Hip, Eye, ChD clear ratingLifeSpan:
10 - 12 yearsOccasionally seen:
Gastric torsionAverage Size of Male:
25 to 28 inches Weight: 85 to 125 poundsAverage Size of Female:
23 to 26 inches Weight: 75 poundsMinor concerns:
Renal cortical hypoplasiaMajor concerns:
Canine Hip Dysplasia, cataracts, chondrodysplasia (ChD)
The Alaskan malamute was first described living among the native Inuit people known as the Mahlemuts, who lived along Alaska’s northwestern coast. The dogs were hunting partners for big game (e.g., seals and polar bears), and were capable of hauling heavy carcasses back home across great distances. These dogs evolved to be large and strong rather than fast, enabling one dog to do the work of many smaller dogs. When explorers first came to the region in the 1700s, they were impressed not only by the dogs’ hardiness in harsh conditions, but also by the reciprocal affection shared by the animals as well as their owners. In 1896, gold was discovered in the area and outsiders flocked to Alaska. Gold miners staged weight-pulling contests and races among their dogs for entertainment. The native breeds were bred with each other and those brought by settlers to create a speedier racer and to increase the pool of dogs available to assist with the gold rush. The pure malamute was becoming a rarity. In the 1920s, a New England dog-racing enthusiast began to breed traditional malamutes. As the breed’s reputation grew, some were chosen to help Admiral Byrd in his 1933 trek to the South Pole. During World War II, malamutes were called into service as freight haulers, pack animals and search-and-rescue dogs. In 1935, the breed received AKC recognition and took on new roles as an imposing show dog and loyal pet.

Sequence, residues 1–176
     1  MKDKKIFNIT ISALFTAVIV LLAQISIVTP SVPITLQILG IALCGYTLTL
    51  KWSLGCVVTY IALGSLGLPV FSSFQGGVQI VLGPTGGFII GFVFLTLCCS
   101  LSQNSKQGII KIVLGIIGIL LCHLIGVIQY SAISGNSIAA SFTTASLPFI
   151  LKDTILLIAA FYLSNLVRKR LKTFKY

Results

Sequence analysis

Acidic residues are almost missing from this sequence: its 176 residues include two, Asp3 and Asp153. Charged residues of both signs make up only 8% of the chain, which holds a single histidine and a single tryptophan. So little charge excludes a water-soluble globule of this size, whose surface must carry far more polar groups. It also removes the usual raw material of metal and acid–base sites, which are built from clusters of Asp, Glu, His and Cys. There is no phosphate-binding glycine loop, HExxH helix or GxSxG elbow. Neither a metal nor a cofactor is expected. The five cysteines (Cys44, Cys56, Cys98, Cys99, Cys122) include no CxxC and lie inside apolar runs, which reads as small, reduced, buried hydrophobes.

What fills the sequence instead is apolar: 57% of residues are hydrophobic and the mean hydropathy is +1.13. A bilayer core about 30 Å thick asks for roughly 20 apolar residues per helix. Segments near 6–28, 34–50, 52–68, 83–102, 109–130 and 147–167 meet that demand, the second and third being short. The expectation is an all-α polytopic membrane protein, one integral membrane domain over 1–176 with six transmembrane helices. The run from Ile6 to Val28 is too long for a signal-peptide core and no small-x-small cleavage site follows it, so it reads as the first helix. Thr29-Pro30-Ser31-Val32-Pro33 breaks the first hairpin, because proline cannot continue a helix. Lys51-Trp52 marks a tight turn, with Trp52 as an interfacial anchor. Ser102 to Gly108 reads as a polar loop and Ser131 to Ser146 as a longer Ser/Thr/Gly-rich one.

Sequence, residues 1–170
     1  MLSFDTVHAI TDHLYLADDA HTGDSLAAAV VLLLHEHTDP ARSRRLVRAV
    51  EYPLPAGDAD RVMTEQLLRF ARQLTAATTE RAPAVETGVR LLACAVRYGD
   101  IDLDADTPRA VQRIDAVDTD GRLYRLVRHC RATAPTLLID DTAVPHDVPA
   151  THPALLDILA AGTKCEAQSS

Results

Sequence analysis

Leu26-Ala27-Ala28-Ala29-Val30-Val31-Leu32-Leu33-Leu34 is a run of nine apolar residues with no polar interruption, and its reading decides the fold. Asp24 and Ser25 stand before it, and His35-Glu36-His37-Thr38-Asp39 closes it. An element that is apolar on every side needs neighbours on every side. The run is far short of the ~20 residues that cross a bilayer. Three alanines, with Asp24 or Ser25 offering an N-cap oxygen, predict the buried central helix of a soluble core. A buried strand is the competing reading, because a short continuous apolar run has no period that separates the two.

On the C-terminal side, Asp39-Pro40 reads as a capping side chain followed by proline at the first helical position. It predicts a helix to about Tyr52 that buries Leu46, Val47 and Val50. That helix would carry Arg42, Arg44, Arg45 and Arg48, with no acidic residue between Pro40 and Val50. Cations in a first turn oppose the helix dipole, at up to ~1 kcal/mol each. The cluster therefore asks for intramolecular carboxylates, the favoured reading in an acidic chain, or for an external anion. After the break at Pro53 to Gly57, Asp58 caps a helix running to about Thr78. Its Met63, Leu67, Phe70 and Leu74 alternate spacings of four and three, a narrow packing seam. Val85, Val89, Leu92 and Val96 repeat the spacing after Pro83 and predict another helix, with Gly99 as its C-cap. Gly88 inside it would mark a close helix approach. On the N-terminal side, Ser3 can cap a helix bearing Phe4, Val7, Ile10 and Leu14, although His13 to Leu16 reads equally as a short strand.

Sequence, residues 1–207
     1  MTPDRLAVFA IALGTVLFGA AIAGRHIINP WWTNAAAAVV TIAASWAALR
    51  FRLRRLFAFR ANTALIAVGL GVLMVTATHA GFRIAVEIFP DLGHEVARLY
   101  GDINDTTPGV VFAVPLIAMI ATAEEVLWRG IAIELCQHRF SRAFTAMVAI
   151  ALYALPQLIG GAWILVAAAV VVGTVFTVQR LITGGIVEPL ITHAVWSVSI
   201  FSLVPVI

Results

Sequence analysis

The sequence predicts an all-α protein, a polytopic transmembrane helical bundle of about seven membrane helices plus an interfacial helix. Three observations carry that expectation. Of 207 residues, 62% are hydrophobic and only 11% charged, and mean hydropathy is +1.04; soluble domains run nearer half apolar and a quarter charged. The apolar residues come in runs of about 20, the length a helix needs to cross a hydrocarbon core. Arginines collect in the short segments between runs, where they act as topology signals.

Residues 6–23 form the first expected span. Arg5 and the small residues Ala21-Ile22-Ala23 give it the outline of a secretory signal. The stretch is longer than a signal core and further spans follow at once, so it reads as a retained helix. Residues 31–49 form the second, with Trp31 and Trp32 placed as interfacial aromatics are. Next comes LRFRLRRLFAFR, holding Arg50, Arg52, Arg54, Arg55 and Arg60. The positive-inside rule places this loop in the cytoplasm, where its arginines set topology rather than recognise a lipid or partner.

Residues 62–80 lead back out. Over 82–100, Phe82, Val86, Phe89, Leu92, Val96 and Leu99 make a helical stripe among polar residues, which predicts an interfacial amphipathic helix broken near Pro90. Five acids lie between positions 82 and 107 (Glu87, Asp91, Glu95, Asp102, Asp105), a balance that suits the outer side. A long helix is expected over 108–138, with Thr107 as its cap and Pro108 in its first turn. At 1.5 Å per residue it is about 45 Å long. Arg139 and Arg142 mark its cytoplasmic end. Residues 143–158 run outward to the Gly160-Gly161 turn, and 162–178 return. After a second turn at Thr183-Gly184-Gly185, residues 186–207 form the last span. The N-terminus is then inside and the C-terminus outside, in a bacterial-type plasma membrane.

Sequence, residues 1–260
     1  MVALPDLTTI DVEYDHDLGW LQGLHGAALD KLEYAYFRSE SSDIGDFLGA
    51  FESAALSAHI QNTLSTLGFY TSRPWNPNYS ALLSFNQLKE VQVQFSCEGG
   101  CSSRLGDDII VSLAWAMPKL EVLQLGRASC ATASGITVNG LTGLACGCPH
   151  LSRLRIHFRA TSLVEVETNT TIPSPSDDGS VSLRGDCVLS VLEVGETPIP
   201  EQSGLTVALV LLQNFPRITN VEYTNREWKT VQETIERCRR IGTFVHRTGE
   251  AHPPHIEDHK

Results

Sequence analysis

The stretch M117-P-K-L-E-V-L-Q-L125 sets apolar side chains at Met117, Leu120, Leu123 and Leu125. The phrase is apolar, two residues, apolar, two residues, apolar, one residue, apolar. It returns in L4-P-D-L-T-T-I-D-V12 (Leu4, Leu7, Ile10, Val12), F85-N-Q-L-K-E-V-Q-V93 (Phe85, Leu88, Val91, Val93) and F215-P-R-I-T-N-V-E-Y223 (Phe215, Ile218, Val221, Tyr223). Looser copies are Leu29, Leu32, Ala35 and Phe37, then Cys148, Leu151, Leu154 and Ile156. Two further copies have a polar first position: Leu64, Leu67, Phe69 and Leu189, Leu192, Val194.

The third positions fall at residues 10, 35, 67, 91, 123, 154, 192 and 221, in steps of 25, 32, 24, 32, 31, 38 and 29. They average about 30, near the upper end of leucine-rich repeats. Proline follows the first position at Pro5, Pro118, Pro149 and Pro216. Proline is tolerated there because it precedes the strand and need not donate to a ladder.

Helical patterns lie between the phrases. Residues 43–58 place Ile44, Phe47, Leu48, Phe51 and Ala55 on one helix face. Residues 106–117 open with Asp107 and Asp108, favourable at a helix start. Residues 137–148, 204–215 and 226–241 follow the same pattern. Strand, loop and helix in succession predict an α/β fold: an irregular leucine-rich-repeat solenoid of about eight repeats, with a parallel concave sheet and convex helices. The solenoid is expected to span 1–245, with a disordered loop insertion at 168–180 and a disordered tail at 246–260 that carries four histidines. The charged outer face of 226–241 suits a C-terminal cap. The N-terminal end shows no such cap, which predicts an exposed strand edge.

The Alaskan malamute is powerfully built and can grow to quite large – well over 100 pounds. A well-proportioned malamute is slightly longer than it is tall. It is usually heavy-boned and compact, designed for strength and endurance. Its gait is steady, balanced and tireless. Its coat has a thick double coat, with a coarse outer coat and dense, wooly, oily undercoat, providing insulation from water and harsh temperatures. Although its eyes have a “wolf-like” appearance, its expression is soft. Alaskan malamutes are typically white with black, red or gray shadings. This dog breed also has an off-white undercoat. Blue-eyed malamutes are disqualified for show competition.
The Alaskan Malamute is a friendly, good natured dog that is typically good with children and strangers. This dog breed tends to be very self-assured and strong-willed, but also fun-loving and loyal. It may be aggressive toward strange dogs, other pets or livestock. Some can be domineering. The malamute is a true pack animal with the natural instinct to "lead or be led." It is happiest when pulling a sled or cart and loves to run and roam. It is family-oriented, and with sufficient daily exercise, it is well-mannered in the home. Without ample exercise, it can become frustrated and destructive. It tends to dig and howl.
The Alaskan malamute can run for miles in cool temperatures and needs to have adequate exercise every day, either in the form of a long walk on leash or the opportunity to run or mush (pulling a sled or cart). Alaskan malamutes need lots of space. A home with a large, fenced, partially shaded yard is essential for this dog breed. It can live outdoors in temperate to cold climates, but prefers indoor living during warm weather. This breed is prone to heavy shedding and requires brushing at least twice a week. Early obedience training, within the first three to five months, is a must to overcome its stubborn nature.